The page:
What’s the story?
The French Government have publicly stated that, in the case of a ‘no-deal Brexit’, British citizens will require visas to visit the country, as well as a permit if they intend to work. Read more in The Independent.
How reliable is it?
Possible. In case of a no-deal Brexit, the UK would automatically become a third country vis a vis the EU, and would therefore join the list of countries whose citizens would, unless otherwise agreed, require a visa to travel to Schengen area countries in the EU.
What’s the background?
- Future travel arrangements between the UK and the rest of the EU is currently undecided, and rests initially upon the outcome of the negotiations on a Withdrawal Agreement and, ultimately, the future relationship arrangements. Evidence
- The prospect of requiring visas to travel to the EU in case of a no-deal Brexit was examined in a document presented to MEPs on the European Parliament's Brexit steering group. Evidence
- The College of Commissioners, the EU’s executive branch, comprising a Commissioner from each member country, will discuss in November whether British citizens should be placed on the list of ‘visa-required third countries’ in case of a no-deal Brexit. Evidence
- Any decision would be a matter for the EU countries in the Schengen area, the common border-free travel area that comprises of all but six of the EU countries. Evidence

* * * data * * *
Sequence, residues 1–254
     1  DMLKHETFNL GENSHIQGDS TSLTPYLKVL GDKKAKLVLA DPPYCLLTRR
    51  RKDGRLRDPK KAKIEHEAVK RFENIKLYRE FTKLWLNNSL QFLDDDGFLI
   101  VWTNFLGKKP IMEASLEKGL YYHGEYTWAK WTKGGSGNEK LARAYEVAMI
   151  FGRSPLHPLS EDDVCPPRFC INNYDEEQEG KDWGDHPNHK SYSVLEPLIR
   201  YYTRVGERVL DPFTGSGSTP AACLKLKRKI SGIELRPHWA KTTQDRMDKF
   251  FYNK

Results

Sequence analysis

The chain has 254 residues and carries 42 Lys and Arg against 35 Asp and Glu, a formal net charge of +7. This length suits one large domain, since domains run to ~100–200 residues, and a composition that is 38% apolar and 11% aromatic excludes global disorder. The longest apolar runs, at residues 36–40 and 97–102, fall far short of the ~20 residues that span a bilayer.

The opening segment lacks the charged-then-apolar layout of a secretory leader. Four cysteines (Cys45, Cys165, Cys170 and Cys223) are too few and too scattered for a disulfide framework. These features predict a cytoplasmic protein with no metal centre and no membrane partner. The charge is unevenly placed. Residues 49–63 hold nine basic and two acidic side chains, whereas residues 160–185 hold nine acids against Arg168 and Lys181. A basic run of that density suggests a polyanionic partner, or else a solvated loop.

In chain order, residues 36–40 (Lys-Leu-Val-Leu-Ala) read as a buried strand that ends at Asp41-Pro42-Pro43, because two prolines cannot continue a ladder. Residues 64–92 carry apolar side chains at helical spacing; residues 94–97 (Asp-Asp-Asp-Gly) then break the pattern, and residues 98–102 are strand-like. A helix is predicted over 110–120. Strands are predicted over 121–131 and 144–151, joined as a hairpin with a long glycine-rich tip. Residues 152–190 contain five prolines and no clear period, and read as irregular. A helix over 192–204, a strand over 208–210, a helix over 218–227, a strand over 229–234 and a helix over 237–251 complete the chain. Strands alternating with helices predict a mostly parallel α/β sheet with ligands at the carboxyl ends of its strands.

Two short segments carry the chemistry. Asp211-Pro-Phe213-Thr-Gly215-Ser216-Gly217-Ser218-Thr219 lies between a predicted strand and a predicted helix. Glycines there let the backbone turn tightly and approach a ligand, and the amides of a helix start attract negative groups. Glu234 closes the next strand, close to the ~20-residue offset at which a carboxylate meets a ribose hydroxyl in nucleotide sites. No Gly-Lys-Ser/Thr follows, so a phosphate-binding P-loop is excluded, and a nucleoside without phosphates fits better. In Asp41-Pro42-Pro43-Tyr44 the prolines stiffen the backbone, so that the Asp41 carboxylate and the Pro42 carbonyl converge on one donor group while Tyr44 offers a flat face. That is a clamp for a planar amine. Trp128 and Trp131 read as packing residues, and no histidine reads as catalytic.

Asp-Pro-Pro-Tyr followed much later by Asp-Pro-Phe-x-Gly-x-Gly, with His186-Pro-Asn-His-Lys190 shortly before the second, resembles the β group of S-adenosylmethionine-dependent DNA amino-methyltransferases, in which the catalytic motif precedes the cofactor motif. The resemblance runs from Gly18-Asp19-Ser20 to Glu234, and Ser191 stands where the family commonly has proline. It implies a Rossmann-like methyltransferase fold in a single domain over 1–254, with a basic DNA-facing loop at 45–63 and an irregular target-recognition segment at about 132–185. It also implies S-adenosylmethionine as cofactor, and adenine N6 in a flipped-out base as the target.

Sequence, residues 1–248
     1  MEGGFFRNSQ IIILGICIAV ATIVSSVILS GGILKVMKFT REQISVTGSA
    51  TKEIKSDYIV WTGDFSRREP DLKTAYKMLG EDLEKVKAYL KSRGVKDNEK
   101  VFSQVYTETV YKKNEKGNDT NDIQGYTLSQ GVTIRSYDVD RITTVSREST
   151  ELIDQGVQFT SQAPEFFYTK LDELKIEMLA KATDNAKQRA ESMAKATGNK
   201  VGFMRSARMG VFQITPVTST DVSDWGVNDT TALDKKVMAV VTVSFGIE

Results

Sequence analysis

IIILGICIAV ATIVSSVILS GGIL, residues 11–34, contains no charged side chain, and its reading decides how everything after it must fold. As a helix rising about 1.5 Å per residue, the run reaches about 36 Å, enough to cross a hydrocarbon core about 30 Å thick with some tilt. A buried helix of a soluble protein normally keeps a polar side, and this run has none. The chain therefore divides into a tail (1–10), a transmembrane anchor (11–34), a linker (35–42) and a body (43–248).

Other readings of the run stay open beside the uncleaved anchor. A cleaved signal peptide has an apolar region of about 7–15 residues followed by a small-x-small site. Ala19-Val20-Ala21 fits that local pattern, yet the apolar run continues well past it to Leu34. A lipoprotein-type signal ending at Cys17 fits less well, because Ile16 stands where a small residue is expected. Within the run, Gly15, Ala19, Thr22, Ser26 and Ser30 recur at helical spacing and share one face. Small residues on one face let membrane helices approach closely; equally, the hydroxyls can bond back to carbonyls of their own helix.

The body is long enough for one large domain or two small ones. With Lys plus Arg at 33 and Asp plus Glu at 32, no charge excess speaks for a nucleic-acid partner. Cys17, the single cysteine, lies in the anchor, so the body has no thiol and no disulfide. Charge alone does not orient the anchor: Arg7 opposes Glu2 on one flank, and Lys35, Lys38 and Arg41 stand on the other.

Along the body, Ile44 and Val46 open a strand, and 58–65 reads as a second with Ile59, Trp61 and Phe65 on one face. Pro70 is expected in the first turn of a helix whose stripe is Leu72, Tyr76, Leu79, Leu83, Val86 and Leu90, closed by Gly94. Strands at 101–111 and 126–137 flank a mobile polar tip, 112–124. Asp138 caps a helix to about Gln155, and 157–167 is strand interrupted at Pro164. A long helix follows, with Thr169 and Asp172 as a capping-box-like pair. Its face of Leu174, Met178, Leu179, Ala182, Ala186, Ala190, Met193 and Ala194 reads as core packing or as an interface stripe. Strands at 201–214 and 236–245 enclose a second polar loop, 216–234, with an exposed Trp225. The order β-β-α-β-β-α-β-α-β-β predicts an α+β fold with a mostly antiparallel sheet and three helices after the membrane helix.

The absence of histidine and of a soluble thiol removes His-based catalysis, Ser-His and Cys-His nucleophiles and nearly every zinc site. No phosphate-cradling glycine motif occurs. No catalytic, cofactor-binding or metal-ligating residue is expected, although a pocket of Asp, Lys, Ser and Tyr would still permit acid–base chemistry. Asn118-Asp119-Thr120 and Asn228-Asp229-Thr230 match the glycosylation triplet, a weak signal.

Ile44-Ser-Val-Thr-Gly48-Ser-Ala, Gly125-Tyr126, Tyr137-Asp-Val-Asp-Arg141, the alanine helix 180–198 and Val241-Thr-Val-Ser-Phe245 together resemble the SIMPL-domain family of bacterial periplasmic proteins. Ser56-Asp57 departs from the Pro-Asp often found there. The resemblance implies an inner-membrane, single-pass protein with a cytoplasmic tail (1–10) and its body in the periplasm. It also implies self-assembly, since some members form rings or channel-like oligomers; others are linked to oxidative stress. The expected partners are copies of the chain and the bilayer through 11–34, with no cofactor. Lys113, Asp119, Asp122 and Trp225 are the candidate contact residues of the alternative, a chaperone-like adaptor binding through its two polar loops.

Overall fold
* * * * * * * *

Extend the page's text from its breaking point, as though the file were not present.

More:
- At present, Ireland, Bulgaria, Croatia, Cyprus, Romania (and the UK) are not members of the Schengen area. Evidence
- As any arrangement is likely to be reciprocal, this may mean that nationals of these countries would also need visas to travel to the UK after 2021. Evidence
- If the UK were to be placed on the list of countries requiring a visa, British travellers would have to pay for prior authorisation to travel, at €60 for adults and €35 for children. Evidence
- Even if Britain is not placed on the list of countries requiring a visa, there may be costs, as the European Travel Information and Authorisation System (ETIAS - the European equivalent of the USA’s electronic travel authorization (ESTA) scheme) will come into force in 2020, for which for travellers from visa-exempt third countries pay a fee of €7. Evidence
- However, if a Brexit deal is reached between the EU and the UK, a 21-month transition period will commence, meaning that free movement would continue at least until the end of 2021. Evidence
This Behind the Headlines Briefing was first published on the DoorstepEU app: http://www.richardcorbett.org.uk/app